SGH Ward@Bowyer: The entire 3,200sqm facility comprises of 50 purpose-built isolation units. Each unit measures 2.5m (height) x 2.3m (width) x 5.6m (length), and is a negative pressure single room with en suite toilet and shower facilities.
Singapore, 8 July 2020 – When the new insolation facility at Singapore General Hospital (SGH) opens its doors on 15 July 2020, it will not only admit suspected or confirmed COVID-19 patients, but those with other infectious diseases as well.
Construction of the 3,200sqm facility, which comprises 50 purpose-built isolation units, started in mid-May 2020 and took about six weeks to complete. Each unit measures 2.5m (height) x 2.3m (width) x 5.6m (length), and is a negative pressure single room with en suite toilet and shower facilities. In addition, as exists in any ward, the new facility includes nurses’ stations, changing rooms and a rest area for staff, doctors’ on-call rooms, and medical preparation room, etc.
The modern history of SGH began in three buildings built in 1926 – Bowyer, Stanley and Norris Blocks. Of these, only the historic Bowyer Block remains and is a National Monument in recognition of its national significance and rich history. This new facility is located immediately adjacent to the Bowyer Block and is aptly named Ward@Bowyer.
“SGH has undergone numerous transformations since its establishment nearly 200 years ago to keep up with the needs of Singaporeans. The Bowyer Block, which now houses administrative offices, is a standing reminder of how far we have come in advancing patient care. Today, we are leveraging technology and developing tools as well as systems to allow us to take better care of our patients, many of which are introduced in this new Ward@Bowyer,” said Associate Professor Ruban Poopalalingam, Chairman, Medical Board, SGH.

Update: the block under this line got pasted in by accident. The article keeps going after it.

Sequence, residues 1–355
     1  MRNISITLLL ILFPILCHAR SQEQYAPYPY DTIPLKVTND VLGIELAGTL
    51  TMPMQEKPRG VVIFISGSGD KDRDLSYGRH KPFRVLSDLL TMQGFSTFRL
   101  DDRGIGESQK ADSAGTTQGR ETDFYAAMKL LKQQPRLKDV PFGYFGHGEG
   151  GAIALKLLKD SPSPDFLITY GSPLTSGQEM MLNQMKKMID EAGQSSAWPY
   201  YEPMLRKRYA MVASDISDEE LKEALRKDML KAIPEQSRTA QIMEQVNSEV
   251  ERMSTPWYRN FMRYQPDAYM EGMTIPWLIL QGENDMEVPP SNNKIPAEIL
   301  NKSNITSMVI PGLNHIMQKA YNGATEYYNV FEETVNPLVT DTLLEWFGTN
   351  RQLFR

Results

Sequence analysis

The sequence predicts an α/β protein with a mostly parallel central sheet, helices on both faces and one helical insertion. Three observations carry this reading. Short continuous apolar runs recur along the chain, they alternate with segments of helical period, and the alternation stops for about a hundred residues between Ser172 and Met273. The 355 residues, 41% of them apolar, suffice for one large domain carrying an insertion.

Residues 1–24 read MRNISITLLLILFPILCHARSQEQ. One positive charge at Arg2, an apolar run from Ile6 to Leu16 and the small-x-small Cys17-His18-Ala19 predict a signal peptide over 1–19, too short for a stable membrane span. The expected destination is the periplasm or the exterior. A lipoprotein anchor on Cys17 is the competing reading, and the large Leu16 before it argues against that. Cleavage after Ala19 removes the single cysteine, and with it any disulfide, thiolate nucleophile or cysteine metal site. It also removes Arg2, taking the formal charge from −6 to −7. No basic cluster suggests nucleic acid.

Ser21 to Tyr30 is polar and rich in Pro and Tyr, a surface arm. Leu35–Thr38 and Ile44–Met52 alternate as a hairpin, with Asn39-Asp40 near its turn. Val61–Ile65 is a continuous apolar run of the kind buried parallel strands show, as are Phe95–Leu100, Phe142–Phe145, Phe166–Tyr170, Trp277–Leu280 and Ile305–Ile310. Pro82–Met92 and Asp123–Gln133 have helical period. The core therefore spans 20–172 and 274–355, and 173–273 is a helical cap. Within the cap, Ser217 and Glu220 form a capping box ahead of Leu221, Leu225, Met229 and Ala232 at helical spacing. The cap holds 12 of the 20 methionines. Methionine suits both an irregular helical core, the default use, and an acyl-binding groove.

A biosensor will be given to patients in Ward@Bowyer to be worn on their wrists. It transmits their heart rate, respiration rate and oxygen saturation level readings wirelessly to a mobile app, which patients themselves can access via an in-room smart phone, and allows remote monitoring by clinicians. With contact-free continuous monitoring, the team can detect early warning signs of patient deterioration and intervene before it happens.
Patients can also use the smart phone to interact with their care team via a video conferencing app or let them know if he/she is feeling unwell on MyCare Lite, a mobile app developed by SGH’s Nursing Division and IHiS (Integrated Health Information Systems). The app allows doctors or nurses to assess patients in the room without bringing additional equipment. There are also pre-loaded games in the smart phone to help patients take their mind off being in a hospital.
By leveraging technology, the care team can efficiently monitor and interact with patients without unnecessary risk of exposure.
If an x-ray is required, patients will be brought into an on-site x-ray booth, SG SAFER, designed by SGH’s Department of Diagnostic Radiology. It is operated by one, instead of the usual two radiographers, who wears just an N95 mask instead of full personal protective equipment, as a result of the protective isolation elements included in the design.
Carpark to Ward in 50 days